The conference is unique in catering for the variety of lobbying
experience that delegates possess. Delegates are given the option of
attending either a workshop or a presentation and discussion session on
the morning of day 2. The workshop session is aimed at inexperienced
lobbyists, covering basic issues and giving the opportunity to ask
experienced lobbyist's questions. The presentation and discussion is
aimed at those familiar with the lobbying process and will examine the
current issues in lobbying and where lobbying is to progress during the
next term and beyond.
What will I get from this?
EU Conferences have assembled a fine list of speakers from business
associations, industry, NGO's and EU functionaries. This mix of speakers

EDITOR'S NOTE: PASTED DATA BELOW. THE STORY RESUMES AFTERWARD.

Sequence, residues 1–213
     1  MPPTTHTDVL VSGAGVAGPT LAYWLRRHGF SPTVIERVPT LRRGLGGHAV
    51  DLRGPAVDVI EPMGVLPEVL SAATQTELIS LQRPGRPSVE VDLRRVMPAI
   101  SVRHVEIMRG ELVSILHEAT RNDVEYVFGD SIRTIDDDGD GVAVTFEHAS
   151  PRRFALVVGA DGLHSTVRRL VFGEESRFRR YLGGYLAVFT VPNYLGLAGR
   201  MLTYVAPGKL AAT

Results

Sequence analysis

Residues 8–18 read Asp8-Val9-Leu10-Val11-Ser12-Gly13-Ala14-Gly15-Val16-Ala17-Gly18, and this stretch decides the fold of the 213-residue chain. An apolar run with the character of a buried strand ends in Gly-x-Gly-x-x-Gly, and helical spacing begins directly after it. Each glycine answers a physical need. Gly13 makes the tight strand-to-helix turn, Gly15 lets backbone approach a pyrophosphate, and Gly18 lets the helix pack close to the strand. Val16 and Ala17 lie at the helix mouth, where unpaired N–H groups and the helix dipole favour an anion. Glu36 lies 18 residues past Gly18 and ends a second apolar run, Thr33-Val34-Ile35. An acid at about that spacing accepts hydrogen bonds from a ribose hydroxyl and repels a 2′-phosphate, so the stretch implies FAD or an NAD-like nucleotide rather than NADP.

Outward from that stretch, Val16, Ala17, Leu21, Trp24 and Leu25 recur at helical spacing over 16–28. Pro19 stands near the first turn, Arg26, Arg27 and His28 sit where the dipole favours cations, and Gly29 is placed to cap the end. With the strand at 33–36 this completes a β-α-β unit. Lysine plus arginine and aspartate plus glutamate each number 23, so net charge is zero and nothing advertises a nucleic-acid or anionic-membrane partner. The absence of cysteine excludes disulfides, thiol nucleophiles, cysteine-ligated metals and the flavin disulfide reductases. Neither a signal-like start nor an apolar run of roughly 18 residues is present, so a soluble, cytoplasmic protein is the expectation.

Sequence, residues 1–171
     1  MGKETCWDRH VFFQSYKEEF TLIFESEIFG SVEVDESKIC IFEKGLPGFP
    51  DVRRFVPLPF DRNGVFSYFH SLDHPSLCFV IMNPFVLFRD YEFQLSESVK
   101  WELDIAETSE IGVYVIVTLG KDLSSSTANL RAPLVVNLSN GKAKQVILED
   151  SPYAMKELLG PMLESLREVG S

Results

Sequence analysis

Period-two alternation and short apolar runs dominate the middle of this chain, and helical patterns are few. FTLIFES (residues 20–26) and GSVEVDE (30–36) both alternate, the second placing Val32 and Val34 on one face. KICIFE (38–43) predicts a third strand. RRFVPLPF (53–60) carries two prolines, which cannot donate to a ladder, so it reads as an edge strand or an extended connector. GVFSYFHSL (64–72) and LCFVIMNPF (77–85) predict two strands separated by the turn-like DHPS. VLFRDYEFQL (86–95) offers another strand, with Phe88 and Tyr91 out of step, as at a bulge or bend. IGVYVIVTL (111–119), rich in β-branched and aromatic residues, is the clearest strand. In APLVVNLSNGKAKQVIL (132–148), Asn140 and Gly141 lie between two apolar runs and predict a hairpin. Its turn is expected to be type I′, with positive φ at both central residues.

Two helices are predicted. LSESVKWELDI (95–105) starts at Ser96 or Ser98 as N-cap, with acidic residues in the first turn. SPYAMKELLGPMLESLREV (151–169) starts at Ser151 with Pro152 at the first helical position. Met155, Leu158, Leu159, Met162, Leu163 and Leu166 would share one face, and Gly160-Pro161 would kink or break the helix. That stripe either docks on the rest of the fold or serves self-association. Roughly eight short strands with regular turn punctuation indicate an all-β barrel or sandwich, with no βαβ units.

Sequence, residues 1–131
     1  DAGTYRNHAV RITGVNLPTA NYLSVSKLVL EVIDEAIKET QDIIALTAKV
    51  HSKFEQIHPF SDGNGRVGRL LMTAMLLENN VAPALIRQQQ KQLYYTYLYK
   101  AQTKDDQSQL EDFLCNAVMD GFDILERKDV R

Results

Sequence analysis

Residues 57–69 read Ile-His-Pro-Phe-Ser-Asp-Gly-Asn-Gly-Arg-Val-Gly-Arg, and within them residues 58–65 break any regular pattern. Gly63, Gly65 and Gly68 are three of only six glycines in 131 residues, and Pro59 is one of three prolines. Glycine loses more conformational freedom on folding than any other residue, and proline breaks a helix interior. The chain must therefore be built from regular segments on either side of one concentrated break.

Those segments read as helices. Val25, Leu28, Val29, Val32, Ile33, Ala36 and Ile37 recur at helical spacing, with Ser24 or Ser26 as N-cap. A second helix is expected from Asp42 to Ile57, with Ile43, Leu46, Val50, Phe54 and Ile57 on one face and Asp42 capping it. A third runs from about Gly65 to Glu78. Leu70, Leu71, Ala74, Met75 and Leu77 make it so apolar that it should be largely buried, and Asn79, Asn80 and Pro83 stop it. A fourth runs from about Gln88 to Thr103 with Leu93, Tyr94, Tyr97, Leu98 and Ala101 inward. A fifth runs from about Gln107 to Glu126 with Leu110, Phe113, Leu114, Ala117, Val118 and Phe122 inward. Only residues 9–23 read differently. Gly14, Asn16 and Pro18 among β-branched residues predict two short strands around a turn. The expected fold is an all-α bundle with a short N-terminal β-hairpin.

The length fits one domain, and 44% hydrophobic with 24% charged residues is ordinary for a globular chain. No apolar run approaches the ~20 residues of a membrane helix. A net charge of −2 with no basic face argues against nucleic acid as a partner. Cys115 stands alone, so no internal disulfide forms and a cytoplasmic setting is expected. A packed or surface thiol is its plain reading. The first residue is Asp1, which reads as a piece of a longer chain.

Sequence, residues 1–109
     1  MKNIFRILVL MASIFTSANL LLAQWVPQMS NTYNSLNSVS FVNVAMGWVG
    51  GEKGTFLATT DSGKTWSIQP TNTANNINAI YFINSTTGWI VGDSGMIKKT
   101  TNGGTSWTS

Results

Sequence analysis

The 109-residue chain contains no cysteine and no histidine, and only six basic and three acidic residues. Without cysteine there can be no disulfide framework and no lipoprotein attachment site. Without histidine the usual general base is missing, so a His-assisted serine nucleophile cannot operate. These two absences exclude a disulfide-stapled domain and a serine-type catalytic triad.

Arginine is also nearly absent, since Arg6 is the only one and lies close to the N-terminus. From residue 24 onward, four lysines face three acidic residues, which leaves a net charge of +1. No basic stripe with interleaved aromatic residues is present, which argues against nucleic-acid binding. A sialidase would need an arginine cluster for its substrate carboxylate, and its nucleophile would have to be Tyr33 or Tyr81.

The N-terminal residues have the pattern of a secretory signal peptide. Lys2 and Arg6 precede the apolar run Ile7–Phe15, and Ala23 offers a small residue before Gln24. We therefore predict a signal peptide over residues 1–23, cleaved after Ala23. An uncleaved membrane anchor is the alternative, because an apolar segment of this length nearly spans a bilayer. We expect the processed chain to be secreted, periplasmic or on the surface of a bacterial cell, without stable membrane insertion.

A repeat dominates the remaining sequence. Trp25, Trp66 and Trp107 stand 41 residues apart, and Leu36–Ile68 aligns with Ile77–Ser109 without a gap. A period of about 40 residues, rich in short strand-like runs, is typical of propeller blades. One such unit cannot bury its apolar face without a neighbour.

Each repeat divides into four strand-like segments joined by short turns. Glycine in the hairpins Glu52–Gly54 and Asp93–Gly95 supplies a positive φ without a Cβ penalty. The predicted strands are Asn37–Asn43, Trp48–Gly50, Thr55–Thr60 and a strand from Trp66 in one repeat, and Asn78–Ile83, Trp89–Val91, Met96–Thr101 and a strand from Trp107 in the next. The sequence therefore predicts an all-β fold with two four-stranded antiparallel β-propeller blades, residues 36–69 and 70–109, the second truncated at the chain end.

gives the perspective from both sides of the process: those who lobby
and those who are lobbied, providing great insight as well as creating a
unique forum for debate and discussion.
The speakers will demonstrate the correct approach and highlight the
pitfalls when lobbying. As the conference coincides with the beginning
of the new term of the EU, many of the presentations will look towards
the new term and beyond, highlighting trends and the future developments
for lobbying in the EU. The case study session gives a unique insight
into lobbying campaigns of leading practitioners and aims to identify
NGOs and industry organizations will find this conference useful to
their cause. Industry can learn from NGO's and visa versa. It is a great
opportunity to meet your peers, network and find answers to your